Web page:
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Immigration to Australia
One Nation leader Pauline Hanson's June 1998 call for zero net migration prompted an August debate between the major political parties over immigration and population. Under the immigration policy of the One Nation party, there would be 25,000 to 30,000 immigrants each year, as immigration matched emigration. Australia expects 80,000 immigrants in 1998-99; with 25,000 emigrants, net migration is expected to be 55,000. Australia's foreign minister called on the One Nation leadership to dissociate itself from anti-Asian slurs published in a letter to the editor in the English-language Bangkok Post on August 7. The author purported to be a One Nation member who felt obliged to spell out the party's anti- immigration policies to all Asian countries in order to end an influx of immigrants. The foreign minister called the letter to the editor "one of the most vile and disgusting attacks on Asia and Asians imaginable." One Nation's national director said that the letter did not represent the party's views and that there is no evidence that a member of the party wrote the letter. US Secretary of State Madeleine Albright in August warned Australians not to embrace Pauline Hanson's One Nation party: "We both, Australians and Americans, have the privilege of living in very large land masses, but in both our countries we are multi-ethnic societies. We are both countries of immigrants and I think that, as countries of immigrants," isolationism must be avoided. Opposition Labor Leader Kim Beazley called for increasing the annual immigration quota over time to offset the aging Australian population. Immigration Minister Phillip Ruddock countered that, under current policies, Australia's population, now at 18.5 million, will reach 23 million by 2050 (other projections are 26 million), and that Labor should announce a population target if it disagreed with current immigration levels. Labor promised that, if elected, it would rename the Office of Multicultural Affairs and move it back into the Prime Minister's Department as the Office of Citizenship and Multicultural Affairs. Australia has no target population; the annual level of immigration is determined each year on an ad hoc basis. Ruddock has said that about 4,572 business people have entered Australia as Business Skills migrants since 1992. According to a survey by Access Economics, 23 percent of the business skills migrants came from Hong Kong. The survey also found that more than US $687 million in funds and assets have been transferred to Australia by business migrants.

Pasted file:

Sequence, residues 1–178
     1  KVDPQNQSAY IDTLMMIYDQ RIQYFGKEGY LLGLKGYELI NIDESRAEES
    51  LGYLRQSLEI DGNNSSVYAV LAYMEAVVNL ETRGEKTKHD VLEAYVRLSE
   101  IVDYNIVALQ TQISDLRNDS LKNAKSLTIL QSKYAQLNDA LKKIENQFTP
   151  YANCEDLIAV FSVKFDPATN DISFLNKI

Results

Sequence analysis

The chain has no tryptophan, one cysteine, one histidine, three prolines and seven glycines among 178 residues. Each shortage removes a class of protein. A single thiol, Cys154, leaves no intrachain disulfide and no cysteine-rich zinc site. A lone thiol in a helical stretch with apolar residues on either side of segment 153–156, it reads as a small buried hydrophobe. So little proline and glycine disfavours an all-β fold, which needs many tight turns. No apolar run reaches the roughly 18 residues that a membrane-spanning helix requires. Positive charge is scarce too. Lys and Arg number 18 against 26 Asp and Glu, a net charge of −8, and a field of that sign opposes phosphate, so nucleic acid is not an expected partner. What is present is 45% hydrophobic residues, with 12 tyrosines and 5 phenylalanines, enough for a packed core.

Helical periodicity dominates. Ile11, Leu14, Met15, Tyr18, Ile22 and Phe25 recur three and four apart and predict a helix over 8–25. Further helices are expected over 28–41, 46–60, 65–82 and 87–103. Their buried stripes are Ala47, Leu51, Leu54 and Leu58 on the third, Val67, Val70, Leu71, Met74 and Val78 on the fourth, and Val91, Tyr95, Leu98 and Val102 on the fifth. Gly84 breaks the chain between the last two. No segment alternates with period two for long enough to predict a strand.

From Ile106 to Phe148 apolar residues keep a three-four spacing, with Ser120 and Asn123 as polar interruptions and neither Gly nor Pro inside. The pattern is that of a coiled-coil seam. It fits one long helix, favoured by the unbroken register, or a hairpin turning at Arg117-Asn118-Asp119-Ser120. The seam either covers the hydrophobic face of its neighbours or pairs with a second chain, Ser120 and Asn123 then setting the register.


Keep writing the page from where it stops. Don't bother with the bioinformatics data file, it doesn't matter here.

A businessman from Hong Kong reported he paid nearly US$1 million to an immigration consultant firm to become an Australian resident. The former construction firm owner says the consultant firm promised to help him obtain permanent residency in Australia as a business emigrant two years ago. He obtained a temporary business entry visa in January 1996 after paying a $60,000 application fee. The business venture never materialized, the police rejected his claim that the company cheated him, and he returned to Hong Kong after three months. About 40 to 50 other people have reportedly had similar experiences with the same company. Three South Koreans were arrested at a West Australian mine, leading the Construction, Forestry, Mining and Energy Union to report that there are illegal workers at many big construction and mining sites around Australia. The union has found workers from countries such as the US, New Zealand, Ireland, Korea and South Africa, who pay about $2,500 for false documents that allow them to work. Australia's Department of Immigration does not believe that the problem is as big as the union asserts. "Australian government cries foul over One Nation letter," Deutsche Presse-Agentur, August 12, 1998. Rod McGuirk, "FED: Downer calls on One Nation leaders to act on letter," AAP Newfeed, August 12, 1998. Kylie Walker, "Illegal Workers Employed Throughout Aust., Union Says," AAP Newsfeed, August 7, 1998. Peter Chen, "Australian official touts economic benefits of migrants," Central News Agency, July 31, 1998.

If you are a U.S. Citizen, there are 3 ways to apply for the Green Card (Permanent Residence) for your Foreign National Spouse:

(1) If both you and your Foreign National Spouse are in the U.S., you apply through Adjustment of Status with the USCIS.

(2) If both and your Foreign National Spouse are outside the U.S., you apply through Consular Processing at an American Consulate (or Embassy) abroad. Click here for the list of American Embassies.

(3) If you are in the U.S. and your Foreign National Spouse is outside the U.S., you may apply for the K-3 Visa (so your Foreign National Spouse may come the U.S.) then file the I-485 Adjustment of Status petition with USCIS (for your Foreign National Spouse's Permanent Residence Green Card).

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